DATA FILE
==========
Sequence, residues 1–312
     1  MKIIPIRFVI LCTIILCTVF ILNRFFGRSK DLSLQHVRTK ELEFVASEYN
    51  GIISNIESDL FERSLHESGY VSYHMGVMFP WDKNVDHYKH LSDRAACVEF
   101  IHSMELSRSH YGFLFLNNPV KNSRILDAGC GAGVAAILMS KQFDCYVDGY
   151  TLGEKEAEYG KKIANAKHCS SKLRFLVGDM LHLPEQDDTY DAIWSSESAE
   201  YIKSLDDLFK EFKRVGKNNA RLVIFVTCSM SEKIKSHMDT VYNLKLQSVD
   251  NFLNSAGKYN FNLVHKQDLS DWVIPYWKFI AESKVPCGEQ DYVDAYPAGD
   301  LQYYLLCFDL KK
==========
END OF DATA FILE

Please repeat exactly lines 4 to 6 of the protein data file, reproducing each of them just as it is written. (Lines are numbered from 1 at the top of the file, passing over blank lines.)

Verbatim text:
   101  IHSMELSRSH YGFLFLNNPV KNSRILDAGC GAGVAAILMS KQFDCYVDGY
   151  TLGEKEAEYG KKIANAKHCS SKLRFLVGDM LHLPEQDDTY DAIWSSESAE
   201  YIKSLDDLFK EFKRVGKNNA RLVIFVTCSM SEKIKSHMDT VYNLKLQSVD